A judge on Friday refused a request by business interests to immediately block the voter-approved hike in the minimum wage from taking effect as scheduled next year.
But he did agree to consider the legal arguments in depth this coming Tuesday.
Maricopa County Superior Court Judge Daniel Kiley rejected claims by challengers that leaving the law in place before the full-blown hearing on its legality will cause hardship for employers. Attorney Brett Johnson told him that while the law doesn’t take effect until January 1, its effects already are being felt as employers start making staffing decisions based on having to pay their workers at least $10 an hour on that date.
“They’re making business decisions right now as to whether to lay off people on Monday,” said Johnson who represents the Arizona Chamber of Commerce and other business groups. He said a ruling now putting the law on hold would mean that “over the weekend there’s not rash decisions made based off of Proposition 206.”
And Johnson said he presumes that, after a full-blown hearing, Kiley will agree the measure is unconstitutional, a presumption that supporters of the ballot measure do not concede.
Kiley, however, said there’s no basis for him to even consider whether to delay enforcement on the law, much less decide its constitutionality.
If nothing else, the judge noted that the challenge was filed only a day earlier. He said that means those defending the law — including both the attorney general’s office and Proposition 206 supporters — have not had a “fair opportunity” to respond to the allegations.
Nothing in Friday’s action gives any hint on whether the judge believes the charges by the business interests who sued that what voters approved is unconstitutional. But what is clear is that whoever loses in Kiley’s courtroom is virtually certain to ask the Arizona Supreme Court to overturn.
That raises an interesting side issue.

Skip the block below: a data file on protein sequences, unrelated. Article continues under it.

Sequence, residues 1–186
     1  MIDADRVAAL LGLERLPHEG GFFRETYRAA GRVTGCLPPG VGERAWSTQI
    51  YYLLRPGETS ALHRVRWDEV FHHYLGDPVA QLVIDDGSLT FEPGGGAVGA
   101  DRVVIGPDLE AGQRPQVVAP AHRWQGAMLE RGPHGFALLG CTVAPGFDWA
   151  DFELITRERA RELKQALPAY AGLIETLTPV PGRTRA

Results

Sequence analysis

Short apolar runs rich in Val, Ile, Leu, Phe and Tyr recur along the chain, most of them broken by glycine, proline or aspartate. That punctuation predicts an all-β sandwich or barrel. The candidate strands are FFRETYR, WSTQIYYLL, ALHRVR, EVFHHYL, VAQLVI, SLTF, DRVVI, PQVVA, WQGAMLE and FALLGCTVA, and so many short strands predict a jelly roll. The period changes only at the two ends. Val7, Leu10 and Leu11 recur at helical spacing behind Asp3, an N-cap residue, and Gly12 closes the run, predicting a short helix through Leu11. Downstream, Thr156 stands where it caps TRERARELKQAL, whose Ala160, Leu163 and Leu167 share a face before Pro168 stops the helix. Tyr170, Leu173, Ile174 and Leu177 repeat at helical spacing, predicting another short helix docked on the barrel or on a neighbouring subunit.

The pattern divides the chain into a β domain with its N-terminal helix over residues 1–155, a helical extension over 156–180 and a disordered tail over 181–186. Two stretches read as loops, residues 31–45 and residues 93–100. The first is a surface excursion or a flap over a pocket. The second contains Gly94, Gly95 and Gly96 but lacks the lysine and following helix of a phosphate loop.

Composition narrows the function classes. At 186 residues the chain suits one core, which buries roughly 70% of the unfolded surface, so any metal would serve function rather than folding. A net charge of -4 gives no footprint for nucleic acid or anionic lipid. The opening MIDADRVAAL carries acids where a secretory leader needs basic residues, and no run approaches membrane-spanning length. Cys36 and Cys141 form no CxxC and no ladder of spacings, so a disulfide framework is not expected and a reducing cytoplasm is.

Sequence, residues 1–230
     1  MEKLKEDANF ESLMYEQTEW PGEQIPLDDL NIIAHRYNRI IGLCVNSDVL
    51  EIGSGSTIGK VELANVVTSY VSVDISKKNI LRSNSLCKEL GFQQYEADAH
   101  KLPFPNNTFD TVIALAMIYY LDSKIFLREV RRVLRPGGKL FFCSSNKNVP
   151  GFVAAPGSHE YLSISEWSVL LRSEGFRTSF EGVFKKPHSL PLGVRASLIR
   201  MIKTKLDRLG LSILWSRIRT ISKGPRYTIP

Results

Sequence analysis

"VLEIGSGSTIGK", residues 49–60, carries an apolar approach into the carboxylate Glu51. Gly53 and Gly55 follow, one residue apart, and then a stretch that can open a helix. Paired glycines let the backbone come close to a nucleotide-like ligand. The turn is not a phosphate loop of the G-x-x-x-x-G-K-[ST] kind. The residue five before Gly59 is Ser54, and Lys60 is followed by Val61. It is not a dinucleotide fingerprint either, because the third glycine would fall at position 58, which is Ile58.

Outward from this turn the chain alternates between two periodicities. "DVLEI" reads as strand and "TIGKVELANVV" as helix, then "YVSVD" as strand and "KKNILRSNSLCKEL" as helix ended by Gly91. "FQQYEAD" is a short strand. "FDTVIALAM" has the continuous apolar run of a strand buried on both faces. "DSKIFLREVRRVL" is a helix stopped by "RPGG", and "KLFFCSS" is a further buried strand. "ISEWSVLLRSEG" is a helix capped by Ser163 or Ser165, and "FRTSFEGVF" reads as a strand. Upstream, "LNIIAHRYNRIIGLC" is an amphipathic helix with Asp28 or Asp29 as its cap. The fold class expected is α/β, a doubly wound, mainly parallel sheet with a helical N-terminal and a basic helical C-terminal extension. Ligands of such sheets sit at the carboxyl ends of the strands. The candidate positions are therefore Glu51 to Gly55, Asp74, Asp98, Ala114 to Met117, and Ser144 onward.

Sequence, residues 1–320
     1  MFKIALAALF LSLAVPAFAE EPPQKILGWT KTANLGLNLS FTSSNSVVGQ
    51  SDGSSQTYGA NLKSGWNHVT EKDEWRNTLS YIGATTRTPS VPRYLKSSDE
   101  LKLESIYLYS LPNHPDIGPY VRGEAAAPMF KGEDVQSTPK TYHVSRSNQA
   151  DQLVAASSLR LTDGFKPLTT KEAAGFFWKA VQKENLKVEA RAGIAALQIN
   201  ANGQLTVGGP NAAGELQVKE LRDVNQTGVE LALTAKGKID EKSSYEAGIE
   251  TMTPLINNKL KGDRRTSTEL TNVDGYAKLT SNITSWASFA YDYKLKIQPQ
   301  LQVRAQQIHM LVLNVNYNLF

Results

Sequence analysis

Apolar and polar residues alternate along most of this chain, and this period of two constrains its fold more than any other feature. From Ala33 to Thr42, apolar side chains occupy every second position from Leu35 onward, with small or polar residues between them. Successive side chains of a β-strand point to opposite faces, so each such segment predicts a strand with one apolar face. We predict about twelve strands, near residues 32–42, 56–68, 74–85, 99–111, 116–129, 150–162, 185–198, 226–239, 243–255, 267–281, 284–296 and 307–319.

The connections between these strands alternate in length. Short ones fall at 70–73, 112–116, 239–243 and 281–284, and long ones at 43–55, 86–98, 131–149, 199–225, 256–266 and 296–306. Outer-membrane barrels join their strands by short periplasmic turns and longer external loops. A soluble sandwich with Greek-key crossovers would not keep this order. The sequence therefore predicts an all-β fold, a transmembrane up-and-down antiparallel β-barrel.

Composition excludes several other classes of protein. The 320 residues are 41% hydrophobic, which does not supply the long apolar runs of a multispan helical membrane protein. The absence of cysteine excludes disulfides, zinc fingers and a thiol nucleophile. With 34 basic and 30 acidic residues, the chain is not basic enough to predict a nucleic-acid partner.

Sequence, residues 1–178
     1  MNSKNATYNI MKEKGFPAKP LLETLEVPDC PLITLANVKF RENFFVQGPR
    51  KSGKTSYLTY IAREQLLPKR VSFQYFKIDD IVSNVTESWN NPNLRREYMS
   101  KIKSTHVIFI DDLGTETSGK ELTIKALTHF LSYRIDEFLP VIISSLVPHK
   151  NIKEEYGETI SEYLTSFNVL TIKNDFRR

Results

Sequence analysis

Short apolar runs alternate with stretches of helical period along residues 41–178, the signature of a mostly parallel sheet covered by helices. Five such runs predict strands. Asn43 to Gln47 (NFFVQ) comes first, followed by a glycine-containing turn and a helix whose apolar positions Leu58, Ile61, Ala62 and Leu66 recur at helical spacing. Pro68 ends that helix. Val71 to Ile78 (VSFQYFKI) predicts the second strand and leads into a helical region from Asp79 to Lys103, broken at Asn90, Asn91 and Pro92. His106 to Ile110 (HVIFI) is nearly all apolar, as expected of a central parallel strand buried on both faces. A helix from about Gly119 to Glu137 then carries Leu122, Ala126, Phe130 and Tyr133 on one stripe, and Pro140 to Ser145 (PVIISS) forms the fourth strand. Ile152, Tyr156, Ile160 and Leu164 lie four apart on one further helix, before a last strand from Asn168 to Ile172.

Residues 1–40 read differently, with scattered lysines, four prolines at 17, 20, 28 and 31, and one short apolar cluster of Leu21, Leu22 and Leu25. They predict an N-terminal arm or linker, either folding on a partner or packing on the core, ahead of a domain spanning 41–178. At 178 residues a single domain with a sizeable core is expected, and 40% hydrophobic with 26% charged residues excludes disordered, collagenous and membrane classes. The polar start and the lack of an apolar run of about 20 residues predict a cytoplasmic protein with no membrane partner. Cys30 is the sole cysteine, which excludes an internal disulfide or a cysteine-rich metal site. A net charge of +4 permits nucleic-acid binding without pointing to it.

On Monday, the two new justices named by Gov. Doug Ducey, a foe of Proposition 206, are set to be sworn in. And expanding the court to seven could change the balance of political philosophies on the bench.
The initiative is simple enough: It requires employers to pay workers at least $10 an hour beginning January 1 — $7 for workers who earn at least $3 an hour in tips — and mandates at least three days of paid time off a year. The current state minimum is $8.05 an hour.
Business interests, led by the state chamber, made a half-hearted effort to convince voters to reject the measure after chamber President Glenn Hamer conceded the popular measure was likely to pass. Proposition 206 was approved on a 58-42 margin.
Now the organization, joined by local chambers and other business interests, hopes to quash the measure in court.
Johnson says the Arizona Constitution says any ballot measure which requires the state to spend more money must also include a dedicated funding source, such as a new or increased tax. This measure has no such levy.
The initiative has no direct costs as it specifically exempts the state from having to raise the pay of its own workers. But the Arizona Health Care Cost Containment System, the state’s Medicaid program, said this week it plans to increase what it pays private contractors who provide services for those with special needs, contractors who are now paying their employees less than $10.
Johnson contends that is a mandated cost which requires Kiley to void the measure.
But attorney Jim Barton said nothing in the measure requires the state to backfill the higher costs to the providers. And even if there were, he said the constitutional provision does not allow for the entire measure to be voided but only for the state to refuse to boost its reimbursement to the providers.
Don Shooter, the Yuma Republican who will chair the House Appropriations Committee, conceded Friday he does not know whether there is a legal obligation on the state to finance the additional costs incurred by the providers, a figure estimated by AHCCCS at $11 million for the next six months. But he believes there is a “moral responsibility” to come up with the cash.
Shooter also said he hopes the judge does enjoin the law from taking effect, but not because of the questions of the statute’s legality. He said the Legislature needs a few months to figure out how to either come up with the extra dollars or, possibly, ask voters at a special election if they are now having second thoughts given the additional costs to the state.